The question to be resolved hinges on our need to determine the basis for the District Court's decision not to sentence appellant under the Act. In order to implement the rehabilitative goals which Congress sought by that legislation, Section 5010(d)13 requires the sentencing judge to affirmatively find that the youth offender will not benefit from treatment under the Act before sentencing him as an adult.14 In the "exceptional case" where the judge makes such a finding, he may exercise his discretion to impose the adult sentence,15 but this does not mean that he has unrestricted freedom to pick and choose between a disposition authorized for youths by the Act and the adult sentence authorized by the statute which the youth offended.16 The judge's discretion is strictly circumscribed by Section 5010(d)'s requirement that he affirmatively determine that the youth "will not derive benefit from" a commitment under the Act.17
The affirmative finding which Section 5010(d) mandates involves more than simply meting out the full statutory penalty to an otherwise eligible youth. In Coefield we emphasized that unless the rejection of a Youth Act disposition is accompanied by explicit reasons supporting the conclusion that the youth will not benefit, "it cannot be said with certainty that the Act was considered and a negative finding with respect to its possible benefits was made."18 Even if it could be said that the disposition in appellant's case reflects a finding that he would not gain from Youth Act treatment, articulation of the judge's supporting reasons is essential to meaningful review.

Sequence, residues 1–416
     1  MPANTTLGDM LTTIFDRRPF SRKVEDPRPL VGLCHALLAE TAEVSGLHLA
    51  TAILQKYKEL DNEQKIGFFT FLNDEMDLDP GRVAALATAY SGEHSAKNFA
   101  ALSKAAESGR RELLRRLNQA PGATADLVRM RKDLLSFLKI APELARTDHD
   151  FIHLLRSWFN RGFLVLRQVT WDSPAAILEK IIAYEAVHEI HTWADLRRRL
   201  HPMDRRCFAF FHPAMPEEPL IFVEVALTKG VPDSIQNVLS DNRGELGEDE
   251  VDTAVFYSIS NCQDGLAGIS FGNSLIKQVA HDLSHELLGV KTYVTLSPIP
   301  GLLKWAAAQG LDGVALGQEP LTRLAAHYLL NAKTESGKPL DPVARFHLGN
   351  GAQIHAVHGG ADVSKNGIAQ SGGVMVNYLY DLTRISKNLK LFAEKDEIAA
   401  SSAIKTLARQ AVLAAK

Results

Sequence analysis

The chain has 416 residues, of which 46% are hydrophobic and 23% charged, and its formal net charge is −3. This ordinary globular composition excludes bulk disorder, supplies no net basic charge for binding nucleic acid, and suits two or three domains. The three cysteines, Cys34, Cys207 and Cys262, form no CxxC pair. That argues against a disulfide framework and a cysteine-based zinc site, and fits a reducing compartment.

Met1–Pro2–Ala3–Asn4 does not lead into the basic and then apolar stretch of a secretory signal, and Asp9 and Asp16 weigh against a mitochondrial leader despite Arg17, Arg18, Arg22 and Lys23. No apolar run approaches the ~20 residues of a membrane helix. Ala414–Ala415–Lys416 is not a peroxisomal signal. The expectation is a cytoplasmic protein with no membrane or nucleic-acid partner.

As we pointed out in Coefield, a clear statement of the judge's reasons for refusing a Youth Act disposition is "essential to a knowledgeable administration of the Act as intended by Congress."19 Accordingly, we held therein that the record in every case must reflect (a) that the judge is aware of the applicability of the Act to the offender before him and understands the scope of his discretion under the Act; (b) that the judge has been apprised of the aspects of the offender's background pertinent to the sentencing decision either from what he has learned at trial, from a presentence report, or from a report made pursuant to Section 5010(e);20 and (c) that the judge by his statement of reasons or reference to a Section 5010(e) report has related the facts of the offender's situation to the applicable law in concluding that the youth would not benefit from disposition under the Act.21
From the record of appellant's sentencing, it appears indisputably that these three essential considerations were neglected by the District Court. Here the judge simply stated that appellant had "a perfectly terrible record" and that the probation officer's recommendations were "adverse to the Youth Corrections Act." There was no identification of facts in the presentence report indicating that appellant was an inappropriate candidate for a Youth Act disposition, nor does the transcript of the sentencing reveal any statement of any other reason why the judge felt that such treatment would be unfruitful for appellant. Neither "a perfectly terrible record" nor an unelucidated "adverse" recommendation by a probation officer is necessarily inconsistent with a conclusion that the youth would not benefit.22 Those statements, standing alone without explanation or elaboration, can hardly be said to evince that relationship of relevant facts to applicable law which is prerequisite to a refusal of Youth Act treatment.23